UAE’s new T20 cricket league arrives with star names and riches on offer
After months of delays, the UAE’s new cricket tournament – the International League T20 (ILT20) – will finally begin in Dubai on Friday.
What promises to be a dazzling opening ceremony will be followed by the first game, as the Dubai Capitals take on the Abu Dhabi Knight Riders in the explosive shortened format of the traditionally slow-paced game.
Six teams will compete in the month-long tournament, which organisers hope will stand out amid an increasingly crowded global T20 calendar. As well as in Dubai, matches will take place in the other emirates of Abu Dhabi and Sharjah.
International players from England, Australia, the West Indies and other leading nations have been signed up, with more than 100 overseas players taking part alongside 24 from the United Arab Emirates.
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While there are four local players in each squad, teams are allowed to field as many as nine overseas players in their starting XI, compared with the usual four foreigners per side seen in established T20 franchise leagues.
A number of the international stars have agreed deals worth $450,000 per season to play in the tournament, with the salary cap the second highest after the powerhouse Indian Premier League (IPL).
Causing a stir
Matt Roller, a cricket writer for ESPNcricinfo, said: “There's been quite a lot of controversy around the possibility of having nine overseas players in a team.
“It's been a discussion point at ICC [International Cricket Council] meetings, where it was signed off quite early on, almost before people had woken up to what it might potentially do for the wider cricketing ecosystem. And there's been a bit of pushback against it.”
He adds that the high salary cap for the ILT20 “is going to make people sit up”.
The league is sanctioned – but not owned – by the Emirates Cricket Board (ECB), and is being run by ECB vice-chairman Khalid al-Zarooni and general secretary Mubashshir Usmani.
Speaking to Middle East Eye, Usmani defended the number of overseas players involved, stressing that so called "Associate Nations" in the ICC such as the UAE have every right to establish their own rules.
“The number of overseas players in a league is arbitrary,” he said. “You will hear differing views on what is the right number of overseas players in a league. Some would say that the current practice in other leagues of four overseas players in a playing XI is at the cost of opportunity of four local talented players.
“We think that as an upcoming league a guaranteed position for four UAE players in the official squad and two UAE players in the playing XI as a start is just the right number in ILT20. We also believe that like [ICC] Full Members, the Associates should have freedom to self-manage and create their domestic tournaments.”
'Log jam' in the calendar
The ILT20 overlaps with three other T20 franchise competitions: Australia’s Big Bash League, the Bangladesh Premier League and South Africa’s new SA20, which began earlier this week.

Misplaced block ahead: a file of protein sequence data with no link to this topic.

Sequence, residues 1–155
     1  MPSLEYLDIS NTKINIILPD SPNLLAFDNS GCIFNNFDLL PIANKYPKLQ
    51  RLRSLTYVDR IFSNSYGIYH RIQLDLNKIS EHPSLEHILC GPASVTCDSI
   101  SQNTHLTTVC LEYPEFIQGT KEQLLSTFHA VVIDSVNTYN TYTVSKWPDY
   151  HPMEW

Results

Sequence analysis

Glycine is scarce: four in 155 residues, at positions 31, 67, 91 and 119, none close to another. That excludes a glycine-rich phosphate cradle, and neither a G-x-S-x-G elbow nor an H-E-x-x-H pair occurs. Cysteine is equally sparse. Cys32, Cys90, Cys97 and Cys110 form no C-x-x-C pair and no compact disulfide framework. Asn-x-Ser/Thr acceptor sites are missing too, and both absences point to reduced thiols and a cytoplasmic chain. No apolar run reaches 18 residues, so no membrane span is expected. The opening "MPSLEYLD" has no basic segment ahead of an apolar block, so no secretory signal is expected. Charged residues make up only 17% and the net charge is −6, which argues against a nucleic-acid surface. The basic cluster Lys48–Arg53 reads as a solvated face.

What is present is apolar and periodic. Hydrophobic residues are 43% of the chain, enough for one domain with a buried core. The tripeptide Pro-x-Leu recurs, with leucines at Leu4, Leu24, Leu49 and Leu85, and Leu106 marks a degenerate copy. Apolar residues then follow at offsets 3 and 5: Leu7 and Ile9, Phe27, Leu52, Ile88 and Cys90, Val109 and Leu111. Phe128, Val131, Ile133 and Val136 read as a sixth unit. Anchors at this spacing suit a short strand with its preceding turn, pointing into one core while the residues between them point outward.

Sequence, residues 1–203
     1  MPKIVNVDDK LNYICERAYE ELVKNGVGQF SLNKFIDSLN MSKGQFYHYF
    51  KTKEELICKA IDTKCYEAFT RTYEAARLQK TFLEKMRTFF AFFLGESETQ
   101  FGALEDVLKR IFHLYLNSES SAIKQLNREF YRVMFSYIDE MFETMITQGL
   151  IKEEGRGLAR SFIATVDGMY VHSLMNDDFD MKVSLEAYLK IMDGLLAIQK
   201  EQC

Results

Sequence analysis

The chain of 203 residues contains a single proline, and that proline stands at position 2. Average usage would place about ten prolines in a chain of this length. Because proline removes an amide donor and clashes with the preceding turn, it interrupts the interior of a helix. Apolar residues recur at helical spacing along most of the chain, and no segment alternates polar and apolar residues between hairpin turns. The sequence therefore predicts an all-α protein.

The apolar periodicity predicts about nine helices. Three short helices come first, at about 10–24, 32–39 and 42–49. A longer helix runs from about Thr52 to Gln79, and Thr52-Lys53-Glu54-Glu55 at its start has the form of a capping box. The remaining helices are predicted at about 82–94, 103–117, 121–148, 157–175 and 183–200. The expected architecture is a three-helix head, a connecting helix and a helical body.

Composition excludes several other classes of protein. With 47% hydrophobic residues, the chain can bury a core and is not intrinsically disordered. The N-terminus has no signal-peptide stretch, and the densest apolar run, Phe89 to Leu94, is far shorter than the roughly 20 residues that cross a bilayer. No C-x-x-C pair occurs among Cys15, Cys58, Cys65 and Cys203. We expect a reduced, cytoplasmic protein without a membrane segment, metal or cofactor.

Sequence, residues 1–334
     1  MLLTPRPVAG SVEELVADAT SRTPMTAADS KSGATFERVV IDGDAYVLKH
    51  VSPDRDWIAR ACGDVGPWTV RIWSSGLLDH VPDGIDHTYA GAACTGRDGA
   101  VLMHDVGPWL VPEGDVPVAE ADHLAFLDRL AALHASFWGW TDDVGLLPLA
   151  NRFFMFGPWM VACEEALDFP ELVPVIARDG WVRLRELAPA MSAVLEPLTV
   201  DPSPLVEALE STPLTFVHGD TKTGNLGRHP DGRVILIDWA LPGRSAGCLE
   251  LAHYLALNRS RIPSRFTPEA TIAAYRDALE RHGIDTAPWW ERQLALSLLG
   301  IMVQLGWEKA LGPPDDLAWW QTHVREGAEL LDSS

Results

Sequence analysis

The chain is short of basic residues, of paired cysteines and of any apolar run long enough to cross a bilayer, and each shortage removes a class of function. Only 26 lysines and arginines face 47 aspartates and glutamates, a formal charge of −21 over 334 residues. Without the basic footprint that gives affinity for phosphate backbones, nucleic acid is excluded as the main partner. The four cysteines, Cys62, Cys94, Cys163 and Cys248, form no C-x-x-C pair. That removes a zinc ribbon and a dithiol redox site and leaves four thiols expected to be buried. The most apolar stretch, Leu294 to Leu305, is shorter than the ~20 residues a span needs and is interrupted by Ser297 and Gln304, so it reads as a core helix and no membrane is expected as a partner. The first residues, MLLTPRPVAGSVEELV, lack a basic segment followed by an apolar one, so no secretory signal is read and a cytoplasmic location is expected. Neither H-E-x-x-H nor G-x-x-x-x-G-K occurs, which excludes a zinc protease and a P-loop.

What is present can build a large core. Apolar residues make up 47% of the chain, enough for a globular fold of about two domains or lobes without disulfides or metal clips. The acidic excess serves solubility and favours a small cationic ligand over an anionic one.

“While it is true that this window is packed with a lot of T20 franchise as well as all-format bilateral cricket, we are very confident of creating our own impression both for fans at the three tournament venues as well as those who will watch the tournament around the world," said Usmani.
“We have the biggest talent pool of players and that sets us apart compared to any other league. With so many stars on the field representing each of the six sides, the tournament will provide some world-class cricket action for all to watch and enjoy.”
Tim Wigmore, a sports writer for The Daily Telegraph, and author of Cricket 2.0: Inside the T20 Revolution and Crickonomics: The Anatomy of Modern Cricket, says having four tournaments running concurrently in January is creating a “log jam” in the calendar and greater competition for players, but notes that some have left other tournaments early to compete in the ILT20.
Among them is Australian batter Chris Lynn, one of the stars of the Big Bash, who agreed a deal with Adelaide Strikers to play 11 out of 14 group games before flying to the UAE, missing the climax of the T20 tournament down under.
“It would have been absolutely unthinkable through any of cricket history that an Australian would prioritise the UAE over playing in Australia,” says Wigmore. “And that just shows that [the ILT20] is a serious prospect.”
Roller said that aside from the money, players are being attracted by some of the comforts and familiarity of playing in the UAE.
“Many of the guys involved have played a lot of cricket in the UAE and they seem to enjoy staying there,” he said.
“They get put up in nice hotels, they can play golf in their free time, they can go to the beach, they can have their families out there. It’s quite a comfortable lifestyle for pro sportsmen.
"Having spoken to one or two players about it, they have been sold the idea that this is a pretty serious league that's going to be here for the long run,” he added.
Previous Emirati T20 tournaments either failed to launch or folded soon after being established, but the ILT20 has tried to insure against doing the same: Each team has agreed a ten-year licence and the Indian network Zee TV has struck a ten-year deal reportedly worth US$120 million to broadcast the games globally, including in India, Pakistan, the UK and Australia.
Dubai-based logistics group DP World has agreed a five-year title sponsorship deal, too.
Three of the teams, Abu Dhabi Knight Riders, Dubai Capitals and MI Emirates, have been acquired by owners of IPL franchises, with all the others backed by major sports and finance investors, including Manchester United co-owner Avram Glazer’s Lancer Capital, which has bought the Desert Vipers.
But several question marks linger above the competition. While the UAE has played host to a number of international cricket tournaments, including the 2021 Men’s T20 World Cup, low attendances are a concern. Crowds in UAE-based games are rarely high unless teams from India, Pakistan, Bangladesh or Sri Lanka - or players from those countries - are on show.
Jarrod Kimber, an Australian cricket writer and film-maker who watches cricket regularly in the UAE, says that with just one player in the tournament from India - 37-year-old Robin Uthappa - and none from Pakistan or Bangladesh, nationals from those countries living in UAE are unlikely to attend in large numbers.